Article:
Jamaica Military


The defense comprises (2005) 2,800 men with 950 men in reserve and is organized into two battalions, nine patrol boats and a few small aircraft. The material is of varying origin. Defense of Jamaica costs have decreased from 0.9 to 0.6% of GDP in 1985-2005. To see related acronyms about this country, please check ABBREVIATIONFINDER where you can see that JAM stands for Jamaica.

Jamaica Army

In 1979, Manley was forced to negotiate with the IMF, but in February 1980 he interrupted the negotiations due to the tight conditions of the Monetary Fund which would drastically reduce the standard of living in the country. Instead, he printed elections ahead of time. The election campaign was very violent and marked by destabilization from both the United States and the Conservative opposition. Under these chaotic circumstances, the Conservative “Labor Party” won. The new government led by Edward Seaga expelled the Cuban ambassador and implemented a neoliberal policy, which completely opened up foreign investment. He further stated that it was possible that Jamaica would apply for admission in the United States. But his economic policy did not produce the desired results. In 1981-83, unemployment grew, bauxite production fell further, inflation increased and foreign debt doubled.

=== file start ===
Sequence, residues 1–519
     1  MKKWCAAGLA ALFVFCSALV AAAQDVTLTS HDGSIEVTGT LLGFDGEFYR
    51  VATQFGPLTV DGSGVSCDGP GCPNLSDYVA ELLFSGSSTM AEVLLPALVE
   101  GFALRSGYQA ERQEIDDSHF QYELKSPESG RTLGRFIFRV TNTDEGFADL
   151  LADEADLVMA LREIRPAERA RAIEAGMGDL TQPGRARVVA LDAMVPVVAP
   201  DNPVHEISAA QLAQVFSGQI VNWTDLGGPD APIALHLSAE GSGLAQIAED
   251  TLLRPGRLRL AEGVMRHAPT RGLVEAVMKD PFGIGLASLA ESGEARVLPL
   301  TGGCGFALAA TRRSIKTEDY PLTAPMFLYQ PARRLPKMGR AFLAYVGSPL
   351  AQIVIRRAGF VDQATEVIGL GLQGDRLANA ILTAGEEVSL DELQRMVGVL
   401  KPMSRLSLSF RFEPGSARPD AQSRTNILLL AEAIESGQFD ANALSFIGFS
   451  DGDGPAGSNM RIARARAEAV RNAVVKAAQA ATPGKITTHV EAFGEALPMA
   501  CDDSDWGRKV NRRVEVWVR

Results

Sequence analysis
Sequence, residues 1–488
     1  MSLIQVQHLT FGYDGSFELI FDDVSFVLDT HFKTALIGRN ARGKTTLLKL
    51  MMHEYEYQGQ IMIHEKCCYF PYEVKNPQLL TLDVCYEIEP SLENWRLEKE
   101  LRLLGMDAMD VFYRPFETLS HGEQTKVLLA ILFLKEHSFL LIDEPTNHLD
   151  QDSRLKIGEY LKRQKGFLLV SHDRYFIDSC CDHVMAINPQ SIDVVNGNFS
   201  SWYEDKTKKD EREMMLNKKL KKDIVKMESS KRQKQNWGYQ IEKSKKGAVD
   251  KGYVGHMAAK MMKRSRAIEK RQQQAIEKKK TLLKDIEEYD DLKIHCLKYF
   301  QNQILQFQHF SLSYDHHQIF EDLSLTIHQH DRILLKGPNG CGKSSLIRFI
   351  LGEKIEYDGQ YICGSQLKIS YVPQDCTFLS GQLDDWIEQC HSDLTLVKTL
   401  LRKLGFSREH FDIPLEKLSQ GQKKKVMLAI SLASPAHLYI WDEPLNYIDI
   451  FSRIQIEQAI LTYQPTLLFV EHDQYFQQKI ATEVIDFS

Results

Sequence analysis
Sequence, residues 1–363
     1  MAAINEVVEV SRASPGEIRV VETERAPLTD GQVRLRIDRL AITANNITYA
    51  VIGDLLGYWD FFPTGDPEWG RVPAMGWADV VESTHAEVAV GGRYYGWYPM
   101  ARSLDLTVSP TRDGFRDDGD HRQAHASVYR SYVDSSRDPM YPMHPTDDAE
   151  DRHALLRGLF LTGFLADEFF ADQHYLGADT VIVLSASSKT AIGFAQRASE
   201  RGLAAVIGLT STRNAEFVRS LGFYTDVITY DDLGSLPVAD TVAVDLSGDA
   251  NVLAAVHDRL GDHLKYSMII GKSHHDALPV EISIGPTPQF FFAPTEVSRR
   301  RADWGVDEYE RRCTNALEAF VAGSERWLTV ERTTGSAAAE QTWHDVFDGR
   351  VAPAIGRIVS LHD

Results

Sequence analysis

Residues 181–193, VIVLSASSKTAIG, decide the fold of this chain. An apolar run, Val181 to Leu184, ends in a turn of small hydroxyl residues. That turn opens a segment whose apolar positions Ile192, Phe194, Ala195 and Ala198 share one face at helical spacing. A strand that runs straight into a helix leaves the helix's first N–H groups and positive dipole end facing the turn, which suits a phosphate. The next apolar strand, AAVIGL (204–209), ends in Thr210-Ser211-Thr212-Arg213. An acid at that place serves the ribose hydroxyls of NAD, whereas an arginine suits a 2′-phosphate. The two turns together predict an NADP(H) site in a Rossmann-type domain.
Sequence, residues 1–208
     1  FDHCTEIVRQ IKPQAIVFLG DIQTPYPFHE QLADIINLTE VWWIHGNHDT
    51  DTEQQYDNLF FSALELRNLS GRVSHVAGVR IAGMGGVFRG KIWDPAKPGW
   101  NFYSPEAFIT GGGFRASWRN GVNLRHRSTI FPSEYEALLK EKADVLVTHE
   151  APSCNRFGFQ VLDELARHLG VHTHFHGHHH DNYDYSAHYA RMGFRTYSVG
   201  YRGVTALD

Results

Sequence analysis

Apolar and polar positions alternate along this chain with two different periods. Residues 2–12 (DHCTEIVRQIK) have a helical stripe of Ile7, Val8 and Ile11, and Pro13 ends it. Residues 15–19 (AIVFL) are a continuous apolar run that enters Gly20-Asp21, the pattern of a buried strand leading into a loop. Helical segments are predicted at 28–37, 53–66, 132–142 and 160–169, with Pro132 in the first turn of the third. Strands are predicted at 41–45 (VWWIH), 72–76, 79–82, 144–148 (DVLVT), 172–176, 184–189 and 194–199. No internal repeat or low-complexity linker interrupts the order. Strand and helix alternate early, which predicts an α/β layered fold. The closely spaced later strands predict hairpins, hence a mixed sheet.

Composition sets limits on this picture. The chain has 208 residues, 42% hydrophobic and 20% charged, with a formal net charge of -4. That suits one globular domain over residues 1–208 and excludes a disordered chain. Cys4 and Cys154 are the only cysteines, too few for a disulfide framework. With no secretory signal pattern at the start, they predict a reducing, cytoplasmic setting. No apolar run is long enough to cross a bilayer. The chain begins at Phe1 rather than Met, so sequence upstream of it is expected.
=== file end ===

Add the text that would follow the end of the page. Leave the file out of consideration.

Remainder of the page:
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In October 1983, Jamaica joined the small group of Caribbean countries that diplomatically supported the US invasion of Grenada. The following month, Seaga took advantage of the favorable political climate and printed elections early. The election was boycotted by the PNP, accusing the government of failing to comply with a previous pledge to renew the electoral rolls and the introduction of a voter identification system to prevent fraud. The ruling party was therefore the only one who took part in the election, and it sat in all 60 seats in parliament.

In 1984, the crisis worsened. New agreements were concluded with the IMF, which led to a significant reduction in government spending. Inflation had then risen from 4.7% in 1981 to 32% in 84. In 1985, income from bauxite exports and tourism fell further. The same year, the trade union movement criticized the lowering of living standards among workers in the Kingston Free Zone. The cut was aimed at attracting more foreign investment. At the same time, the unions pointed out that the trade union rights were not respected in the free zone.